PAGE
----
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Lewis & Clark as Naturalists
The Collection: Species Details Lewis and Clark as Naturalists
Mammal    Species Name:
Cynomys ludovicianus
Original name, or synonym is Arctomys ludoviciana Ord, 1815.


Common Name:
Black-tailed Prairie Dog

Family:
Sciuridae

Localities:
Boyd County, Nebraska   September 7, 1804

Ground rat, burrowing squirrel, barking squirrel, petite chien, prairie dog

On first encountering a village of prairie dogs, the able crew spent an entire day digging and flooding tunnels in hopes of capturing a number of specimens.  After a full day at work the crew had captured just one live prairie dog, and killed another.  The unlucky rodent was served to the Captains for dinner. 

The following spring of 1805 one prairie dog was included in a shipment to President Thomas Jefferson.  From the Mandan village in today's North Dakota that animal traveled Down the Missouri River to St. Louis, about three weeks.  From St. Louis the cargo was put on another ship and sent down the Mississippi River to New Orleans.  Another ship took the rodent from New Orleans, through the Gulf of Mexico, around Florida, and on up the coast to the Chesapeake Bay and Baltimore.  Finally, more than four months and 4,000 miles later, this prairie dog arrived in Washington, DC alive!  However, Jefferson was still at Monticello, and did not arrive in Washington for another six weeks.  Still, the animal was fit when Jefferson saw it on October 4, 1805.  Jefferson sent the prairie dog on to Independence Hall, Philadelphia, which then housed a natural history museum, and the animal lived on at least until April 5, 1806.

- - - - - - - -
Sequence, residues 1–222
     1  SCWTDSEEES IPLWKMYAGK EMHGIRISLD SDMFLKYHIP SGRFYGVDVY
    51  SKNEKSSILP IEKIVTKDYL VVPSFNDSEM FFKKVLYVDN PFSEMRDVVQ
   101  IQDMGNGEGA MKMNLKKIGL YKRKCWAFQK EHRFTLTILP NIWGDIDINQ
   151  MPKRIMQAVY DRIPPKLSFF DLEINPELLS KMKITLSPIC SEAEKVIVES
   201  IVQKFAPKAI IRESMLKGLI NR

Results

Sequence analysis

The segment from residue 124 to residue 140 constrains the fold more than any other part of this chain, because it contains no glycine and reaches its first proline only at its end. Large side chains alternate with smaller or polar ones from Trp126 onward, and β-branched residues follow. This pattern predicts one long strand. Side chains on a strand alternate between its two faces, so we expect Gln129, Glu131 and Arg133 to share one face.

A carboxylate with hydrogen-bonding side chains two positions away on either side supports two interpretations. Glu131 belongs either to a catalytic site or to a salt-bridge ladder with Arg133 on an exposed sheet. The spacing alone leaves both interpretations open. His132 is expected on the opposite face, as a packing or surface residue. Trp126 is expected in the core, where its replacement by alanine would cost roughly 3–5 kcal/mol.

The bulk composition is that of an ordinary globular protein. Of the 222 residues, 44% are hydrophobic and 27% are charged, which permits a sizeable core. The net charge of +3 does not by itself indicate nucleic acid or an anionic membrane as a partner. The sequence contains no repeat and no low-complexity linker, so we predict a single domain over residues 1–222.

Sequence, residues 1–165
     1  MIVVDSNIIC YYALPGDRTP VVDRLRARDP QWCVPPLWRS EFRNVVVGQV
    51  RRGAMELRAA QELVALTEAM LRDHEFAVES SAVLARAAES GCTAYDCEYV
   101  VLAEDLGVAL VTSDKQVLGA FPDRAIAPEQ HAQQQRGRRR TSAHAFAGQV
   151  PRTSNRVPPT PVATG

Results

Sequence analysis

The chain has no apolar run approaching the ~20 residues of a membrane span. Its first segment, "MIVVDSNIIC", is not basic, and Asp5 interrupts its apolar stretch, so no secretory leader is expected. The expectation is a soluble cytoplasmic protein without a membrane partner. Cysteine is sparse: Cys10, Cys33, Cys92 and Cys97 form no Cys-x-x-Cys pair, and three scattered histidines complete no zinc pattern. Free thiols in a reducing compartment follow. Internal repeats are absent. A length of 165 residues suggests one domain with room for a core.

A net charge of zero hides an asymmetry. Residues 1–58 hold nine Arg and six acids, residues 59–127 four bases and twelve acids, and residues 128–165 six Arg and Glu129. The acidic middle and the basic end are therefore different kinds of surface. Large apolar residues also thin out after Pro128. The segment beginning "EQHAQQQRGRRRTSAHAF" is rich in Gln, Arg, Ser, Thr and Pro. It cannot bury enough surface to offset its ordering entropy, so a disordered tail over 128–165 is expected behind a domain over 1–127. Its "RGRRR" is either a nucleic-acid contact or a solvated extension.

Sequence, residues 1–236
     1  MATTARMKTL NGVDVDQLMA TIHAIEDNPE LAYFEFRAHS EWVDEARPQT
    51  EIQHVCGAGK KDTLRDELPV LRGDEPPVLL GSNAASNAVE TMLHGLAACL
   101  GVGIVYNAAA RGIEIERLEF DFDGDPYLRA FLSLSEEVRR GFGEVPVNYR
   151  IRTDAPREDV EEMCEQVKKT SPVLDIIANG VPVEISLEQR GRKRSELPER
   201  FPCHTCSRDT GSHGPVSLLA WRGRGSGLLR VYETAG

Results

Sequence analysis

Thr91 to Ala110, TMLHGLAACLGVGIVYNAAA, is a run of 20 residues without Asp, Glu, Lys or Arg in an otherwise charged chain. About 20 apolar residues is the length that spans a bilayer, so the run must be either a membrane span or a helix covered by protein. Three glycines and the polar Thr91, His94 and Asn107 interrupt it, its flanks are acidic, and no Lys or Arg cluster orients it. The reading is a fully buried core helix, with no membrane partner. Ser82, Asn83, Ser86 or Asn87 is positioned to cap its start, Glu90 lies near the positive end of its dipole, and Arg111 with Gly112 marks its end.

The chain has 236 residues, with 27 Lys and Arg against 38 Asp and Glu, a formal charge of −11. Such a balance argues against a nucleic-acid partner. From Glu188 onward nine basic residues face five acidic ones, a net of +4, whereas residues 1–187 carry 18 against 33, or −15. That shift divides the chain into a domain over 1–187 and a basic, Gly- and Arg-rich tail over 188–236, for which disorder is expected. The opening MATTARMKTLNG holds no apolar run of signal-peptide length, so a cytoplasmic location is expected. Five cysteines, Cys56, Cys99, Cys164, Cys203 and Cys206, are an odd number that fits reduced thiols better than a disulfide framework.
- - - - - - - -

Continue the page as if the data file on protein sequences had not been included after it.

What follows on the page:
On that date, Lewis and Clark were traveling up the Columbia River, and heading home after successfully reaching the Pacific Ocean.

For more information about this North American mammal, click here.



Journal Entries:

Twenty five miles above the Niobrara River, Capt. Clark recorded their first sightings of prairie dogs and described their ...  more>>

Sound
Sound    prairie dog (0:00, 28 kb)
Credit: Wind Cave National Park
 
References Guthrie, William, A new system of modern geography: or, a geographical, historical, and commercial grammar, and present state of the several nations of the world...2nd Edition, Johnson and Warner, Philadelphia and Richmond, 1815

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black-tailed prairie dog at burrow entrance

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two black-tailed prairie dogs

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black-tailed prairie dog at pre-hibernation weight


 
 
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